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Definition

programming language generations

In the computer industry, these abbreviations are widely used to represent major steps or "generations" in the evolution of programming languages.

1GL or first-generation language was (and still is) machine language or the level of instructions and data that the processor is actually given to work on (which in conventional computers is a string of 0s and 1s).

2GL or second-generation language is assembler (sometimes called "assembly") language. A typical 2GL instruction looks like this:

                 ADD    12,8

An assembler converts the assembler language statements into machine language.

3GL or third-generation language is a "high-level" programming language, such as PL/I, C, or Java. Java language statements look like this:

public boolean handleEvent (Event evt) {
            switch (evt.id)  {
                 case Event.ACTION_EVENT:  {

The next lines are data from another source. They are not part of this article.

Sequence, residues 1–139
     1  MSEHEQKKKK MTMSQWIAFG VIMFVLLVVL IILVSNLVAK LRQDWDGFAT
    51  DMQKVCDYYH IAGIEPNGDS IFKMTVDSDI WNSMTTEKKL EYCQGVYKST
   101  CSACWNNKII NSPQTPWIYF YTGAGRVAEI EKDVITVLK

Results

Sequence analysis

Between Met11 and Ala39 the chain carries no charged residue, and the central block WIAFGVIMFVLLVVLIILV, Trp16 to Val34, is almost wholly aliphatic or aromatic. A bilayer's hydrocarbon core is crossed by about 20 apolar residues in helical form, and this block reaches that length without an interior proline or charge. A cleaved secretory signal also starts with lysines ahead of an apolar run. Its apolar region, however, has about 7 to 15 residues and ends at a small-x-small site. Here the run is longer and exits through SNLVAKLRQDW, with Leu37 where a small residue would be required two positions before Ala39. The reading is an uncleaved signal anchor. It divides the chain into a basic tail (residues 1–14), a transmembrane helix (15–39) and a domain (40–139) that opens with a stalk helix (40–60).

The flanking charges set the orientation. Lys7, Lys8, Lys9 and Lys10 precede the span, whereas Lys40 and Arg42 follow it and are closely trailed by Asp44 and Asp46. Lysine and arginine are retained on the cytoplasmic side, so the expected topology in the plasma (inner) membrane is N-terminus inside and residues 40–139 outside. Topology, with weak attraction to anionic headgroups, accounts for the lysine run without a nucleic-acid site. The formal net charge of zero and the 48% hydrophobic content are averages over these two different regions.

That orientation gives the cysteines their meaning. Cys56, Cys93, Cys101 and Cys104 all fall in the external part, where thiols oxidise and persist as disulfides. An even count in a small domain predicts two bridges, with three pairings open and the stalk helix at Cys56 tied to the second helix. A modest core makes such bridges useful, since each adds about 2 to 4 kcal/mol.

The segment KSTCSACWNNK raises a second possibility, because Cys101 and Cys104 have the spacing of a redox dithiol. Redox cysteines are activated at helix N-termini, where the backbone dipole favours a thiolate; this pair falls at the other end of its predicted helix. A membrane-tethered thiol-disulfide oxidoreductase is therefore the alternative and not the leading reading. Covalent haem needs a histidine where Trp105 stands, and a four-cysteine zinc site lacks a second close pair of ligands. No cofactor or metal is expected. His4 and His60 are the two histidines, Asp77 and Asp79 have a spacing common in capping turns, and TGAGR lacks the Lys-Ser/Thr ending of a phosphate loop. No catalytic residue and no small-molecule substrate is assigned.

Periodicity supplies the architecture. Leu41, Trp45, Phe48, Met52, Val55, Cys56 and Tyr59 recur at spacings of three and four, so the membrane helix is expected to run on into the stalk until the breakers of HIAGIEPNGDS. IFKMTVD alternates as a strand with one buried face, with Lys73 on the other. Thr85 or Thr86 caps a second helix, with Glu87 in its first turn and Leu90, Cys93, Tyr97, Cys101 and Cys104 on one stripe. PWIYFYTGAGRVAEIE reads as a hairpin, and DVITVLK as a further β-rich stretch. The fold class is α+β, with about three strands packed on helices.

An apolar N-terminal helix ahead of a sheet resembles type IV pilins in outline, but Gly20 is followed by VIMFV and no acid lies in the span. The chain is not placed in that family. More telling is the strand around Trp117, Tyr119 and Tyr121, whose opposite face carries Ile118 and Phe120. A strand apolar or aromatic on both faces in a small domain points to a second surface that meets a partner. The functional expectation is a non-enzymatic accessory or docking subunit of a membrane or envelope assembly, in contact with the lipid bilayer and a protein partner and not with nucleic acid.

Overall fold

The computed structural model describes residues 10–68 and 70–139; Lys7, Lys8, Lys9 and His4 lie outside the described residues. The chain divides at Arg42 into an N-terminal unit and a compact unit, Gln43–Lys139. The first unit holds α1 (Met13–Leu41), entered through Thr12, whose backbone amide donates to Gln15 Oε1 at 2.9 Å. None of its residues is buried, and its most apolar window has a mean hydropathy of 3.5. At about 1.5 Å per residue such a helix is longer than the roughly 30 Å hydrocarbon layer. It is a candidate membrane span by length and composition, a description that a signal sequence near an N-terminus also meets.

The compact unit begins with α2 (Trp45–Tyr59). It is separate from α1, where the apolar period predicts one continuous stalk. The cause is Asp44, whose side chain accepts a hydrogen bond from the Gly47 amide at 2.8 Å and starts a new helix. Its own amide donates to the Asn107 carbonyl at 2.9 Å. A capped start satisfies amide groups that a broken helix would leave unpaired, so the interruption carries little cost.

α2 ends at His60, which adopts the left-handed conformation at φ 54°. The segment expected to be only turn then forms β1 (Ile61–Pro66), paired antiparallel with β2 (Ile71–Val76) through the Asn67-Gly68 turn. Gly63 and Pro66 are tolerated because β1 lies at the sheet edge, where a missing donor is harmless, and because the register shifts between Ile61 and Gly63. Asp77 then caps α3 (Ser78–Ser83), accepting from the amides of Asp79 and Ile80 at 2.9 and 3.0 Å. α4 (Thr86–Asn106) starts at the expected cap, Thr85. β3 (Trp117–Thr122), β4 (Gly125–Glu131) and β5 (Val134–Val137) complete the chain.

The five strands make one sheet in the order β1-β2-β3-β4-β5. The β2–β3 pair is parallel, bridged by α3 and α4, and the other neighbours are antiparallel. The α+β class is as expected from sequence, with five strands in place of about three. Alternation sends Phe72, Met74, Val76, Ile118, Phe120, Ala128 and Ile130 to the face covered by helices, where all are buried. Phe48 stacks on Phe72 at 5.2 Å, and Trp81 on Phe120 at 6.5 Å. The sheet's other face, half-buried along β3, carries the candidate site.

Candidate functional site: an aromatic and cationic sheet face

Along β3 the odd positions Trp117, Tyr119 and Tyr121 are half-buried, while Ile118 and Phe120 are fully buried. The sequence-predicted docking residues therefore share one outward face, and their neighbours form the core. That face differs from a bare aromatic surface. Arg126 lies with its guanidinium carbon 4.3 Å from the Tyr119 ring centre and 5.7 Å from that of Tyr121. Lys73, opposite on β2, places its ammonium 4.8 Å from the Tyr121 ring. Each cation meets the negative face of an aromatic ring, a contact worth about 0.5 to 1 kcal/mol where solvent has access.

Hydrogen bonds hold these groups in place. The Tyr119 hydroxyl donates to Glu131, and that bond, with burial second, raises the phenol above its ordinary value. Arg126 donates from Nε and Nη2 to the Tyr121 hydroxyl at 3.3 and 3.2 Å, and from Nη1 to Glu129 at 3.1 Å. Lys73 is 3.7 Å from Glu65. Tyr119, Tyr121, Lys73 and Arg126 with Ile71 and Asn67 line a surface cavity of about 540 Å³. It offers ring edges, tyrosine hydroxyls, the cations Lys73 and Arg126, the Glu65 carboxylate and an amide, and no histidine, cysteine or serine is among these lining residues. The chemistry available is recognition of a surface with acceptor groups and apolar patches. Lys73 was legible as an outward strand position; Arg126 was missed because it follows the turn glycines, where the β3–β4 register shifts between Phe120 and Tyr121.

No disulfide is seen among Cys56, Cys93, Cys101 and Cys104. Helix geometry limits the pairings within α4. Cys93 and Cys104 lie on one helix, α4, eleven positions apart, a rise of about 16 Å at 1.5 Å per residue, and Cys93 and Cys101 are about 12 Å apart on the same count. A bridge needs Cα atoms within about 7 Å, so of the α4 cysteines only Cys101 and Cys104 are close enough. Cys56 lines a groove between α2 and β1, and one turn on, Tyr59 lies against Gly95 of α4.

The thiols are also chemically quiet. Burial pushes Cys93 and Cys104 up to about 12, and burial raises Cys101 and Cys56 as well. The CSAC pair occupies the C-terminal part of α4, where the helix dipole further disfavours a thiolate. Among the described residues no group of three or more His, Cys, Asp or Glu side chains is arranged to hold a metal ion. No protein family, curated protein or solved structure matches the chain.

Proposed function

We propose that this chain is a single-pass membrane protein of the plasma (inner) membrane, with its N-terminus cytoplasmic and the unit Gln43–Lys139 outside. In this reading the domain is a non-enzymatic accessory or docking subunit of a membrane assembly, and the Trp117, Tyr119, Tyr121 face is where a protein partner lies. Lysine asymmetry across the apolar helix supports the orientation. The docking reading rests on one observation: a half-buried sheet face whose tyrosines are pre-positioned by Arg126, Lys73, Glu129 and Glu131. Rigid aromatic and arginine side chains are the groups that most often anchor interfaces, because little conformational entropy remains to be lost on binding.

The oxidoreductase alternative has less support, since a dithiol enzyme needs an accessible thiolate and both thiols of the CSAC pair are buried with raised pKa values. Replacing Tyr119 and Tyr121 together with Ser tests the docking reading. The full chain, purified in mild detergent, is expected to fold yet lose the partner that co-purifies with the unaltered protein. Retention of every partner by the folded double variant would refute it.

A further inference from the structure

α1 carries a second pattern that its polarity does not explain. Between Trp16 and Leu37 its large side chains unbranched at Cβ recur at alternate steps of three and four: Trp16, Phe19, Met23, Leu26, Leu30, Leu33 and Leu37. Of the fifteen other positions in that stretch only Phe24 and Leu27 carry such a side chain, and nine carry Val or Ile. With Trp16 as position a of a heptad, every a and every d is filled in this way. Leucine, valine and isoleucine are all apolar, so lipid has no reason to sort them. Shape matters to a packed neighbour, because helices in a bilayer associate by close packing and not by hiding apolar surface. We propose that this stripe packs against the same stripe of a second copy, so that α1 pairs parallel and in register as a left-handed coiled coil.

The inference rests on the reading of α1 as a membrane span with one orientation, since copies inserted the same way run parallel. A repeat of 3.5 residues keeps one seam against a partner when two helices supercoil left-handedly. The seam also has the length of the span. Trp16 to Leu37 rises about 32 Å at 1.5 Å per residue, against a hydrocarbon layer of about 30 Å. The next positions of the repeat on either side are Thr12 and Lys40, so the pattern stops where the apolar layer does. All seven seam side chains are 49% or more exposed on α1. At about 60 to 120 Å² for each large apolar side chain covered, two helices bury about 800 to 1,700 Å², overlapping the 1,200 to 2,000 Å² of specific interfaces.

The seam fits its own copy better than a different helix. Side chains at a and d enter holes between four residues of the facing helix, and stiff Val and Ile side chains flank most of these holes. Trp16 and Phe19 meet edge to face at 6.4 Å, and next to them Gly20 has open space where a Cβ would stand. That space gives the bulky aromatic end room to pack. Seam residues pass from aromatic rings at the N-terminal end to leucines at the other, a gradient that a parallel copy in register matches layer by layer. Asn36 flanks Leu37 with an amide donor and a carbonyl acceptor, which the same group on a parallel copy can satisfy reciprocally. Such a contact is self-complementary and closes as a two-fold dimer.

if ("Try me" .equald(evt.arg)) {

A compiler converts the statements of a specific high-level programming language into machine language. (In the case of Java, the output is called bytecode, which is converted into appropriate machine language by a Java virtual machine that runs as part of an operating system platform.) A 3GL language requires a considerable amount of programming knowledge.

4GL or fourth-generation language is designed to be closer to natural language than a 3GL language. Languages for accessing databases are often described as 4GLs. A 4GL language statement might look like this:

     EXTRACT ALL CUSTOMERS WHERE "PREVIOUS PURCHASES" TOTAL MORE THAN $1000

5GL or fifth-generation language is programming that uses a visual or graphical development interface to create source language that is usually compiled with a 3GL or 4GL language compiler. Microsoft, Borland, IBM, and other companies make 5GL visual programming products for developing applications in Java, for example. Visual programming allows you to easily envision object-oriented programming class hierarchies and drag icons to assemble program components.

This was last updated in April 2007
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